Festival Circuit 2019

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Omensetter
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Re: Festival Circuit 2019

#26 Post by Omensetter » Tue Apr 02, 2019 6:11 pm

Word going around is that Jarmusch, Almodóvar (which recently debuted to acclaim in Spain), and Malick have secured competition slots, with the Dardennes, Loach, Corneliu Porumbuiu, Céline Sciamma, Mati Diop (this one seems dubious for Competition, honestly), and Kantemir Balagov to be nearly there.

In this mix for Cannes as well (lineup reveal on the 18th), amongst others:

Roy Andersson, Marco Bellocchio, Arnaud Desplechin, Xavier Dolan, Atom Egoyan, James Gray, Jessica Hausner, Bong Joon-ho, Hirokazu Kore-eda,Kiyoshi Kurosawa, Pablo Larraín, Kleber Mendonça Filho & Juliano Dornelles, Cristi Puiu, Kelly Reichardt, Ira Sachs, Trey Edward Schults, Elia Suleiman, Quentin Tarantino, Justine Triet, Rebecca Zlotowski....

Those are just the bigger names---undoubtedly, there will be surprises, films you didn't think were finished, etc.

Honestly, Ad Astra looks increasingly likely and I only included it because of its May 23rd release date. Amongst the known, I'm rooting for Andersson and Suleiman to return to the Croisette and for Reichardt, with the weight of A24 and Scott Rudin, to make a quick turnaround.

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The Fanciful Norwegian
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Re: Festival Circuit 2019

#27 Post by The Fanciful Norwegian » Tue Apr 02, 2019 7:38 pm

There was a report a couple of weeks back that Ad Astra won't actually be out on May 23rd and Fox just hasn't changed the date yet because they froze their schedule in advance of the Disney buyout. Supposedly there's too much post-production left to finish the film by May.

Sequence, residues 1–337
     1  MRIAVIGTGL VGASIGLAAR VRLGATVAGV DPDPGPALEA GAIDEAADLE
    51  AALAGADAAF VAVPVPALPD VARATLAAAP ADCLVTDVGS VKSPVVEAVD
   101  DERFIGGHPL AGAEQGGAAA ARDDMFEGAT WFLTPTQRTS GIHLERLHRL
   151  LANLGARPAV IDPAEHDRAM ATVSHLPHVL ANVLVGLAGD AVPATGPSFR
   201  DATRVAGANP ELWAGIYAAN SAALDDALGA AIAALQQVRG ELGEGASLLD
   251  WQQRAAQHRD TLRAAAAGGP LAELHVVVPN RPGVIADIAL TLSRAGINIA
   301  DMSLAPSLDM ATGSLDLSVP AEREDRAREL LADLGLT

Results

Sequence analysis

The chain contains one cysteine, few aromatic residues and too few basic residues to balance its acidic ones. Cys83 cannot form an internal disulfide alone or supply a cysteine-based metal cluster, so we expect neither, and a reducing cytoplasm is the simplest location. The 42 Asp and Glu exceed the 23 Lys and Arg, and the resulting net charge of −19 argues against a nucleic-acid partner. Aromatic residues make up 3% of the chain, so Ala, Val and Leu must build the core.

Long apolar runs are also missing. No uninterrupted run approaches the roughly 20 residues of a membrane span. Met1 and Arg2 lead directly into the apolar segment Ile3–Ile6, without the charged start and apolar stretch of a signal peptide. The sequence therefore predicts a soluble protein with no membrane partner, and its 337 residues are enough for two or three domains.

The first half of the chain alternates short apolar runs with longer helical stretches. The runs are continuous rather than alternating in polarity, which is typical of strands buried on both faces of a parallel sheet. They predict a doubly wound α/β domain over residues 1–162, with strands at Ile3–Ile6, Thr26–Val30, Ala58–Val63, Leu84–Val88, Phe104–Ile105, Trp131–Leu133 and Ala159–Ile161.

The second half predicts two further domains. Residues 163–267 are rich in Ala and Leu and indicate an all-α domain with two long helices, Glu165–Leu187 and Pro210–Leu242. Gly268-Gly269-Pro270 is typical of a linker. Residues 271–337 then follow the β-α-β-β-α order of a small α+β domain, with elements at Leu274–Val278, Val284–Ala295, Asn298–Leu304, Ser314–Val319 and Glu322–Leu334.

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Omensetter
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Re: Festival Circuit 2019

#28 Post by Omensetter » Tue Apr 02, 2019 8:40 pm

I meant to type "unlikely" regarding Ad Astra, but I hadn't heard that regarding why it still has that date, which makes complete sense.

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Re: Festival Circuit 2019

#29 Post by Omensetter » Tue Apr 09, 2019 5:51 pm


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Re: Festival Circuit 2019

#30 Post by Omensetter » Wed Apr 10, 2019 11:14 am


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Re: Festival Circuit 2019

#31 Post by DarkImbecile » Mon Apr 15, 2019 9:33 am

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Re: Festival Circuit 2019

#33 Post by The Fanciful Norwegian » Tue Apr 16, 2019 10:42 am

Variety's final Cannes speculation piece before the lineup announcement on Thursday mostly consists of the usual suspects we've heard about again and again... except for Gerwig's Little Women, which is apparently finished or near-finished and could show up in competition.

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Re: Festival Circuit 2019

#34 Post by DarkImbecile » Wed Apr 17, 2019 1:09 pm


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Re: Festival Circuit 2019

#35 Post by hearthesilence » Wed Apr 17, 2019 1:49 pm